I’m going local on you, I know but I just wanted readers in the San Francisco/East Bay area know that Ginevra and I have taken on organizational duties at two local blogging meetups and will be hosting events next month. If you’re in the area, stop by, we look forward to meeting you!
Nicholas Scibetta and Adam Brown at Ketchum discuss how the art of Public Relations can benefit from blogs in this interview style post on the Ketchum website. Their observations show that they understand the power of blogs to initiate a dialog and their insight into the future points to a rich set of opportunities for savy public relations firms.
do you consider the next steps that public relations must take to ‘own’ blogs and be able to most effectively use this medium for companies and clients?
AB: I think there is about to be a shakedown with blogs. Advertising is trying to own blogs the same way it took ownership of the Internet. But the way information is shared on a blog isn’t appropriate for advertising. Advertising is about a call to action. PR is more about information transfer and information sharing. It’s about changing someone’s thoughts, beliefs, emotions and perceptions of a company, product or brand. And that’s what blogs are about. I think we need to take the initiative and demonstrate what blogs are best suited for. Blogs are for information transfer, and PR is about information transfer, and that’s why the two go together.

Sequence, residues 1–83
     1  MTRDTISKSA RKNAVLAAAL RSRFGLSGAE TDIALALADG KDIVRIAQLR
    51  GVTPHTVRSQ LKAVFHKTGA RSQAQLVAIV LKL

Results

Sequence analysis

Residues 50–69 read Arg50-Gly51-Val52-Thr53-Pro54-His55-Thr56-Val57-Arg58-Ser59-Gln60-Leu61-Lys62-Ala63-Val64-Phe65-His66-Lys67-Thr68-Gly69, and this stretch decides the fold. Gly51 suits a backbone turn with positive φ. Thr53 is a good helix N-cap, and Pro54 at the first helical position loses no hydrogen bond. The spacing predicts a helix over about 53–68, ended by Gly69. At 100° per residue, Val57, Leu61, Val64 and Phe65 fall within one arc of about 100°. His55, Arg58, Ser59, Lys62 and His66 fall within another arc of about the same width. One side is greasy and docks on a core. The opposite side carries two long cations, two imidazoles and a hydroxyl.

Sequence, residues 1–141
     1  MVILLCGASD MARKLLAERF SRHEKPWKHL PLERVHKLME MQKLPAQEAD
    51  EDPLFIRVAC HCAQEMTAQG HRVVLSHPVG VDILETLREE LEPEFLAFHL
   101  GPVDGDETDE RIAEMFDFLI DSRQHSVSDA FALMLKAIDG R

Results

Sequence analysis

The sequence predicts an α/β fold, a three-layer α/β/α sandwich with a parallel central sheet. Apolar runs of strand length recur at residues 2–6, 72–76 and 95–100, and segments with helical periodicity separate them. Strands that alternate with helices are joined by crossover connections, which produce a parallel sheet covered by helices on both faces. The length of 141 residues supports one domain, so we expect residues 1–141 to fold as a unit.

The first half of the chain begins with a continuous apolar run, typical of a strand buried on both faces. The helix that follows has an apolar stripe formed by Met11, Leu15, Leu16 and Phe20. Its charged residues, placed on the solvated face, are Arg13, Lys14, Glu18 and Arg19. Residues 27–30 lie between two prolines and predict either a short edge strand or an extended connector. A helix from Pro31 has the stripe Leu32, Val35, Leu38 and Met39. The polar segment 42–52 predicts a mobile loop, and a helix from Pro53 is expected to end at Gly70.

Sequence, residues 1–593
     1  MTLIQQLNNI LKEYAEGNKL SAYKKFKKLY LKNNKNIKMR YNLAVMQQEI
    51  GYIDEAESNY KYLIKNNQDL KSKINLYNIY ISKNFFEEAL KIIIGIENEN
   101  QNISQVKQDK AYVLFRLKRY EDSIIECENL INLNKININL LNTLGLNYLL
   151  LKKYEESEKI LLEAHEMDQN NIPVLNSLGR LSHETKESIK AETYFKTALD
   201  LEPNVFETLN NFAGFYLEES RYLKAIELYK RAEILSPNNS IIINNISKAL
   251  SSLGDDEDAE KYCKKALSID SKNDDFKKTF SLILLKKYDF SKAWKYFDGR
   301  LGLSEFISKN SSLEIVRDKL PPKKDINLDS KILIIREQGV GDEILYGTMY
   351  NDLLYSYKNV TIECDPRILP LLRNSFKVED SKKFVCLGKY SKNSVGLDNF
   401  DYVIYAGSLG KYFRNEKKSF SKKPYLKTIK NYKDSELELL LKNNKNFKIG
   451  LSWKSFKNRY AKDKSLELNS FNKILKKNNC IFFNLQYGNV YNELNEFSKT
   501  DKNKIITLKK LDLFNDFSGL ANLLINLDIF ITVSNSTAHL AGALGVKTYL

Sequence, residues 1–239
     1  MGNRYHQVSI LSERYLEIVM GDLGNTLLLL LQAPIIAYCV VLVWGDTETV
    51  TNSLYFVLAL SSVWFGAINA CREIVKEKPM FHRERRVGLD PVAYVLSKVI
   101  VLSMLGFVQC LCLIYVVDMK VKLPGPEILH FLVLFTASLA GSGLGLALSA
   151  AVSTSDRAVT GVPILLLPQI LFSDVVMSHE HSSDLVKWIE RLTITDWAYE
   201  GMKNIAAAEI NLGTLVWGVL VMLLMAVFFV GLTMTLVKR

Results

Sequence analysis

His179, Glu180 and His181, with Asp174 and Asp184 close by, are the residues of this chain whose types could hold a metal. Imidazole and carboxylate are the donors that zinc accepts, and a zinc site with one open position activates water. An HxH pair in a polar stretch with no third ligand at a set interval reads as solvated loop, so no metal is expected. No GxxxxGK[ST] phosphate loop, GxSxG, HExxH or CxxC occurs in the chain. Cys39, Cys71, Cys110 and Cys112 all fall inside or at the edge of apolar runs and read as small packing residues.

NS: That’s a great point. PR has a snug fit with blogs. And we as practitioners need to embrace blogs wholeheartedly. We need to really dig deep to understand what the mindset of bloggers is and what we can do to foster mutually beneficial relationships with them. We are, as Adam said, different from advertising in terms of the call to action and the straight sell. The truth is you couldn’t have asked for a more organic development of a tool to emerge to suit the objectives of PR.
Good PR is about “information transfer” and blogs are great for that. Not only do blogs conduct a signal with little or no impedance but also amplification of that signal if the message is provocative. The one improvement we all need to work on is a way to reduce the distortion of the signal over time and space but that’s a problem that’s as old as history.